My Space

In our connected lives we are exposed to a mind-dizzying number of messages, images and notifications each day. Dealing with the virtual onslaught takes up our time and is impacting our health and happiness. Whether it’s ad blocking, digital detox, or withdrawing to dark social rather than broadcasting to the masses, we’ll see more people seeking to redress the balance.

Consumers are looking at ways of fighting back and protecting themselves against the content avalanche by regaining control of their personal environments. Brands who offer something valuable will be invited into this space; attention will no longer be the priority of those who shout the loudest, but of those who can find the most meaningful connections.

Let's Play

Whether we’re checking emails in bed or banking in the bath, the distinction between working day and leisure time continues to blur. We’re getting lots done, but are we having enough fun? Research is increasingly saying we should be spending less time working and more time playing – play de-stresses us, it refreshes us and restores our optimism.

In stressful and uncertain times consumers are in need of a sense of release. There is growing demand for brands that are visual, playful, fun and bold, brands that help us realise our inner child. Because all work and no play is no fun.


Seamless Simplicity

Interest in DIY has waned, and travel agents, cleaners and meal subscription services are on the up as we start to choose life over work and money – and ultimately get better results. AI has tipped from sci-fi novelty to functional reality, working tirelessly in the background to anticipate our needs and genuinely facilitate day to day life. Similarly, seamless integration means smart homes are taking off and consumers are happily engaging with chat bots. The key, it seems, is breaking the barriers between innovation and our demand for simplicity.

We’re increasingly comfortable delegating the boring bits of life to knowledgeable experts, technology and AI. This is presenting opportunities for brands that offer utility, whilst keeping us and our data safe.

Free to be Me

Part of achievement is about being true to yourself. Consumers are liberating themselves from the restraint of conformity by tapping into new influences, reinterpreting trends, and speaking out about their opinions. Carving out your own identity is increasingly linked to status and there’s never been as much acceptance for so called ‘imperfections’. Alternative interests? There’s a group for that. Cosmetic surgery has seen a sudden drop, and weird is the new cool. It finally feels good to be happy in our own skin.

We’re seeing celebration of difference, individualism and greater self-expression - people want to be valued for being themselves, quirks and all. There are opportunities for brands that celebrate not just diversity, but individuality.


Cool Encounters

With growing recognition that experiences make us happier than things, consumers are ever more focused on living in the moment. But with so much hype building around concepts, experiences seem to have become commoditised. Suddenly everything feels overly-engineered and high-pressure. Instead, consumers are looking for a little more casual spontaneity and serendipity – encounters to stumble upon and casual environments to enjoy.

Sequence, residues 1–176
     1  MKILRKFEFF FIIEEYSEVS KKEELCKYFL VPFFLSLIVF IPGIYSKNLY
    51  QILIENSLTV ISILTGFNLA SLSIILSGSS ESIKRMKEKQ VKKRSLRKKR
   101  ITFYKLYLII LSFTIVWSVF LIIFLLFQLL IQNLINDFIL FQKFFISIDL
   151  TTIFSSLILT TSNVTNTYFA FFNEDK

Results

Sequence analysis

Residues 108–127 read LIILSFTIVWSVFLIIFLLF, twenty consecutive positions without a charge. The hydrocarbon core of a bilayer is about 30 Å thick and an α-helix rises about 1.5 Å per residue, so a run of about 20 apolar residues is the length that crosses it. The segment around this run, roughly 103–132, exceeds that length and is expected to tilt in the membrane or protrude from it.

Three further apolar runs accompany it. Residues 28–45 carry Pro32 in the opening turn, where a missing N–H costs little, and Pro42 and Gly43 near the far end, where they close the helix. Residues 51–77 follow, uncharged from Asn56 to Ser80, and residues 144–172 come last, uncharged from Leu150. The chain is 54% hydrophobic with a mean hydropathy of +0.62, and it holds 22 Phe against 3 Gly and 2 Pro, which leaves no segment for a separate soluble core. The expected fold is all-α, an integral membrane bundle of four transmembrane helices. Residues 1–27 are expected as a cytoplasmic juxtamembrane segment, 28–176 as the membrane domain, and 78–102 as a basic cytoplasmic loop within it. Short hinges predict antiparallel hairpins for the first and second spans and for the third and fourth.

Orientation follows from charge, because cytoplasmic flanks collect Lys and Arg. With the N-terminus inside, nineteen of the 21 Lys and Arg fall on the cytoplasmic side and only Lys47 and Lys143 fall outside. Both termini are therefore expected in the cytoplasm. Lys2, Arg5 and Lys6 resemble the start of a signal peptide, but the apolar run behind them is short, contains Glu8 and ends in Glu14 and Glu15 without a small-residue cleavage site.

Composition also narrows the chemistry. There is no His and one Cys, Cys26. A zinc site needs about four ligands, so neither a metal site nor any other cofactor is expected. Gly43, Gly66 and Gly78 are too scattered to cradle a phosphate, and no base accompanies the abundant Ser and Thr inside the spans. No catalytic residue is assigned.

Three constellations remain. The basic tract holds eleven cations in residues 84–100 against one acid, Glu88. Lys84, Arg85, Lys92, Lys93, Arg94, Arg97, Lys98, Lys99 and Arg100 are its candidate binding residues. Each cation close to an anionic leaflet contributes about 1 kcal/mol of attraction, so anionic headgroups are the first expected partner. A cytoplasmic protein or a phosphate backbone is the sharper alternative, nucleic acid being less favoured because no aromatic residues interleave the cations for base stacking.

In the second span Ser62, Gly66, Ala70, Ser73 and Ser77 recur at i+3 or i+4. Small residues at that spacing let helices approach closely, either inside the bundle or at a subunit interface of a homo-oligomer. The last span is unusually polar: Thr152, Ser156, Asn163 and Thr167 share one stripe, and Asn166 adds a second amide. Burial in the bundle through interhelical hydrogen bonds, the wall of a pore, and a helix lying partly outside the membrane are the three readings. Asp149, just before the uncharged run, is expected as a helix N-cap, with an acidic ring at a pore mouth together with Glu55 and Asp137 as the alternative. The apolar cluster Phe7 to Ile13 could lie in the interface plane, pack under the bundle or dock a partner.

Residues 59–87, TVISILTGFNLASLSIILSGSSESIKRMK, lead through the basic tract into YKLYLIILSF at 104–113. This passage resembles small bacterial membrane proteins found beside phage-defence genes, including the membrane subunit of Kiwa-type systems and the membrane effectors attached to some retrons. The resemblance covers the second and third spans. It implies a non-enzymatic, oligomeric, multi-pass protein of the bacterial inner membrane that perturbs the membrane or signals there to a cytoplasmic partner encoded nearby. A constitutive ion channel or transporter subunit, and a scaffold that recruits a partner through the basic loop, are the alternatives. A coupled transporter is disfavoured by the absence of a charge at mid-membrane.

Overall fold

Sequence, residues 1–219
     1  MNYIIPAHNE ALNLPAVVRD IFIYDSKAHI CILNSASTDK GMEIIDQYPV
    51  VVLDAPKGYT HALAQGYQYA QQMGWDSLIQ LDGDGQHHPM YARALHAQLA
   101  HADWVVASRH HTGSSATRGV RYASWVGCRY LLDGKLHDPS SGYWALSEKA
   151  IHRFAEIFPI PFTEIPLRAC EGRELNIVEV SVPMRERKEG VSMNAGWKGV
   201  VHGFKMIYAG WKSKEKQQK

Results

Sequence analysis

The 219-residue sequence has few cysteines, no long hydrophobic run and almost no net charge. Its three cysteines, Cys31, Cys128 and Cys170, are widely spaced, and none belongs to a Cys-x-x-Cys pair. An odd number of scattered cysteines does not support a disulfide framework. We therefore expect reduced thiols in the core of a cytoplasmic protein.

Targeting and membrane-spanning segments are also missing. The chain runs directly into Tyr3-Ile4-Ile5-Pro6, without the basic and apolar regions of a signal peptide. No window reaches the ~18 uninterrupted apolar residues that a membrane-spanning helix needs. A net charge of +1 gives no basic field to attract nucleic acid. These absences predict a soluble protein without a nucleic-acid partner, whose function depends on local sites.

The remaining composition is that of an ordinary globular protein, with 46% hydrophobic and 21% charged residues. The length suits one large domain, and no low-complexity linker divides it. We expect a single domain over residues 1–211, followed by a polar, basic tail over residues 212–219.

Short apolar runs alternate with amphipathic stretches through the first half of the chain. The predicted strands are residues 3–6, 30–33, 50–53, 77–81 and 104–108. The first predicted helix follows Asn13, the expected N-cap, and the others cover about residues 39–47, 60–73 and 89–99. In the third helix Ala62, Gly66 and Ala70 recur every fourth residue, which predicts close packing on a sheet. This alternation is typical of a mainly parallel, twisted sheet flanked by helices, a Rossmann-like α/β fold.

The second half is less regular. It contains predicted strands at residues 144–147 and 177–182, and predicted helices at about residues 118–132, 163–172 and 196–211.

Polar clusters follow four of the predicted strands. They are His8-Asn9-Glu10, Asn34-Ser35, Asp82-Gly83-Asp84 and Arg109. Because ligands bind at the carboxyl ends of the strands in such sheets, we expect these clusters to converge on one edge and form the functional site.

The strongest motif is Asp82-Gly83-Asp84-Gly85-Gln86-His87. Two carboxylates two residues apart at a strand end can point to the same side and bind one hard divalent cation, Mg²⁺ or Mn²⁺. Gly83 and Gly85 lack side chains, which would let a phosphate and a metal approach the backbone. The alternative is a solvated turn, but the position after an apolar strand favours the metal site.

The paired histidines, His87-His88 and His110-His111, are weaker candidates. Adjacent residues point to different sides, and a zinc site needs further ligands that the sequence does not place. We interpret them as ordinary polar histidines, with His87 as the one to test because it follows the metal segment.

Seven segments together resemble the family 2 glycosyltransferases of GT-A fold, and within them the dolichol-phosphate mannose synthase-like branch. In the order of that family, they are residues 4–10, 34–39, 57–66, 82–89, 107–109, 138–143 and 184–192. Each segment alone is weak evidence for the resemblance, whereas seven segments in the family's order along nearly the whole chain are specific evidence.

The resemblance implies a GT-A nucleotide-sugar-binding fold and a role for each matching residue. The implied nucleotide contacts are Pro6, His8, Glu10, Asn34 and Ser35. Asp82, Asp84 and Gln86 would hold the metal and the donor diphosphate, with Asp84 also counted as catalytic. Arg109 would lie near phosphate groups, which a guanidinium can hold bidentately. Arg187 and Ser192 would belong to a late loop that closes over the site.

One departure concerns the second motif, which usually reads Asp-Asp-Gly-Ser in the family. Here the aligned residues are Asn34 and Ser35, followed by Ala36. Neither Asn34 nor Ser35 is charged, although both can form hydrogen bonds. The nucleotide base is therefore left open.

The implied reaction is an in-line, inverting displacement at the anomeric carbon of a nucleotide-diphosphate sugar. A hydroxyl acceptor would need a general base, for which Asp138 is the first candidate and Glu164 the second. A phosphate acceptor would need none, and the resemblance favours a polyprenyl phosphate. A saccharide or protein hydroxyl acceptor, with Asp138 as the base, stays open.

Brands should look to set a new tone; heightened yet understated experiences that fulfil our desire for pared back enjoyment.

Better Together

Having positive social relationships are critical for well-being. Humans are social creatures, we feel happier just being around people. As interest in weekend drinking wanes, we’re looking to get involved in something a little more expressive or worthwhile together. Urban axe throwing, craft workshops, morning raves – collaboratively experiencing something valuable or new strengthens relationships. In the digital world, once niche interests flourish into growing tribes as consumers explore and connect over shared interests, mutual needs and common goals – which increasingly tip over into the real world.

Brands can help by providing the setting and frameworks for us to come together, to play, have fun and share something meaningful together.


Power in Numbers

People are becoming fed up with perceived inactivity from governments and frustrated at formal avenues of support. In times of uncertainty we all need reassurance, and we’ve found power in numbers - spurred on by social media, many are linking up with like-minded others. Whether marching for women’s rights or wearing safety pins to puncture post-Brexit racism, there is a real sense of people at the grassroots taking matters into their collective hands. And doing good together feels good.

Brands can be part of these chains of goodwill, if they are sincere and timely with their support.

The Social Good

Happiness and wellbeing can be derived from having meaning and purpose in life and by contributing to a greater good. Consumers today are increasingly aware of the long-term impact of their consumption habits and buying behaviours, with thought increasingly going to the origin of ingredients, locality of producers, and impact on social causes. They are now seeking out progressive companies that share their beliefs – favouring those companies who do more than behave responsibly; those who invest in the social good and value purpose above profit.

This is creating opportunities for companies with clear values that acknowledge current issues, join the conversation, and that actively do good.

Evolving Trends

The graph below illustrates how our trends have evolved over time.

The evolution of our Happiness Trends